There was a time when Internet memes were relegated to the depths of message boards like 4chan, existing only as offbeat inside jokes between a niche user base. Today you may find it difficult to avoid seeing the meme du jour sprawled across your Facebook wall, your Instagram feed, your TV screen in a Good Morning America segment, and more commonly, in branded messaging.
Social media has irrevocably changed the way people are able to share and access content online, facilitating the delivery mechanism for meme driven internet culture. And while some memes seem to appear out of nowhere, approaching critical mass in the blink of an eye, the road to fleeting internet fame can be quite cyclical.
We’ve reverse engineered a few examples of pictorial memes, here’s how they evolved…
The origins of memes are a mixed bag. Many times a meme is a remixed version of an innocuously shared personal photo. Other times a meme uses a still from a video –– anything from a “New New Hollywood” YouTube sensation to a decade old Bjork music video. Where a meme comes from seems to be irrelevant, as long as it possess a specific voice. In particular, it needs a specific voice that can be properly developed and expanded upon by other users as they remix and recreate.
A key initial arbiter of virality is Reddit. Reddit has rapidly grown from a fringy nerd playground to one of the most influential websites on the internet. Here, thousands of images are posted hourly, particularly in dedicated subreddits like r/Pics, r/Funny and r/PhotoshopBattles. The images that eventually float to the front page are equal parts amusing, unexpected, relatable and silly.
Once an image becomes a bona fide hit on Reddit, users on Tumblr reblog it ad nauseam. Additionally, new iterations of the meme appear as Tumblr users take the image and make it their own. At the same time Buzzfeed, like many media outlets that mine Reddit for stories, grabs the best and creates listicles. The best memes and articles make the front page, gaining hundreds of thousands of eyeballs. After Buzzfeed highlights a meme, other sources like Funny or Die and CollegeHumor tend to latch on too.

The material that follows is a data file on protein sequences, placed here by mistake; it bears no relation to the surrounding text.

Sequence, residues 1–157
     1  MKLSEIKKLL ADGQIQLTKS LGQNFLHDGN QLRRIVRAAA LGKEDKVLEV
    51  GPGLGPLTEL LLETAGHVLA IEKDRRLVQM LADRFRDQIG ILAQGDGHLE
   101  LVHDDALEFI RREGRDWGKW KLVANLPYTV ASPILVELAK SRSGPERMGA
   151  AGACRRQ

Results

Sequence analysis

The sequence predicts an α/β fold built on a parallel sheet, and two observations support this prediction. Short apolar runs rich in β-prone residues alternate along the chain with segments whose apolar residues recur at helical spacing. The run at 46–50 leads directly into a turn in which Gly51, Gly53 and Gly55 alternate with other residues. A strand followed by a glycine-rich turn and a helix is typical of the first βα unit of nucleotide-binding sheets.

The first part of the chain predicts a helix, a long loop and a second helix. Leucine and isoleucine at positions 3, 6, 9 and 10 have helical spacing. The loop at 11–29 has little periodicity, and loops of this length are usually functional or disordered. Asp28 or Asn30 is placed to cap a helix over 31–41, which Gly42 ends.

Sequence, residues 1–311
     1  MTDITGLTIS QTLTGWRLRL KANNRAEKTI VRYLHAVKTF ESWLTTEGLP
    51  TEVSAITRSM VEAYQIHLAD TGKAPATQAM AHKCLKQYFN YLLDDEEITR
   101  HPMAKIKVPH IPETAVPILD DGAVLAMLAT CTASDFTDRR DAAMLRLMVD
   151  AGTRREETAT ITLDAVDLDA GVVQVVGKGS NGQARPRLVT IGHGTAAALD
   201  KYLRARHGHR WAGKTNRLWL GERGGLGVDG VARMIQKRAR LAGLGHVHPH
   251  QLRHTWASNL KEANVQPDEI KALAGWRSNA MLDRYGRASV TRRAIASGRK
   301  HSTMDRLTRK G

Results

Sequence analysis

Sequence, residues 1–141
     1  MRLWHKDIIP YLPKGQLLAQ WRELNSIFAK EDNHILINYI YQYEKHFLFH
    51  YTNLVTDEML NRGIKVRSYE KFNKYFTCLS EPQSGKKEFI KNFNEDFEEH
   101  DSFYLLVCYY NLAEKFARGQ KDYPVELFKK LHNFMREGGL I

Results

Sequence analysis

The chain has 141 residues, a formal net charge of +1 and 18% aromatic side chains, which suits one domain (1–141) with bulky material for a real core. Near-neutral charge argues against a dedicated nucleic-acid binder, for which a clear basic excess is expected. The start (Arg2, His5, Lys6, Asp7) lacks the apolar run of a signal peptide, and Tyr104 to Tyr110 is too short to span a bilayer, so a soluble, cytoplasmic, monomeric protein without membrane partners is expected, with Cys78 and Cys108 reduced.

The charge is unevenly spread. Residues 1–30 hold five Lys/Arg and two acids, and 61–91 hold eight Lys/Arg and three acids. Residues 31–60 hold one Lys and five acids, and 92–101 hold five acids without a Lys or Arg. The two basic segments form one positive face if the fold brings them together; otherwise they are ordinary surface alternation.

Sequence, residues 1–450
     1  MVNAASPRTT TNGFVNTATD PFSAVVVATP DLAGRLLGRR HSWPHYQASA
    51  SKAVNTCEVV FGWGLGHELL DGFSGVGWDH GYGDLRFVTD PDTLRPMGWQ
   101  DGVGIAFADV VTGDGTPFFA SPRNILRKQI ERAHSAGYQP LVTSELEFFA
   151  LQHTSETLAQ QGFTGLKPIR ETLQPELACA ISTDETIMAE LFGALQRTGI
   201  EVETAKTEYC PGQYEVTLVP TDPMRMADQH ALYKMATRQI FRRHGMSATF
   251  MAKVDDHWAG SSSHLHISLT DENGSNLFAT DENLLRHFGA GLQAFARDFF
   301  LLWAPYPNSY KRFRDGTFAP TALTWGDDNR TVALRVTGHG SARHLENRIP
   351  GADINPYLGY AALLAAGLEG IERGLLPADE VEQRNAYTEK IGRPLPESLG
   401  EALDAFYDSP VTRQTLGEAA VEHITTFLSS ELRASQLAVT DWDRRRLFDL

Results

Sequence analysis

While some people may think that shared content is born on Facebook and Twitter, these platforms are frequently the final step in a meme’s journey to mass consumption. Here, users share a Buzzfeed post, they comment on a meme’s hilarity or inanity and they expose it to another huge group who has yet to see it. People with no interest in internet culture or fluff-piece listicles most likely have at least one Facebook friend who does.
How long a meme stays relevant at this point is a different story. Lifespan is incredibly difficult to predict. Memes with longevity like Grumpy Cat and Lil Bub are the exception not the rule. Both exist outside of a singular snapshot and have owners (in fact, “meme agents”) dedicated to their long-term relevance.
Though there appears to be a pattern for many memes’ lifecycles, countless factors can muddle the trajectory. For example, “Astronaut Sloth” saw new life well after its peak after a Reddit user made a post documenting a prank where the meme played an integral role. The post was hugely popular and got picked up by multiple sources.
Aside from special cases like this, it is essential to align yourself early and transition from idea to execution fast. Though memes have made their way into mass culture, they will likely remain more surprise than science.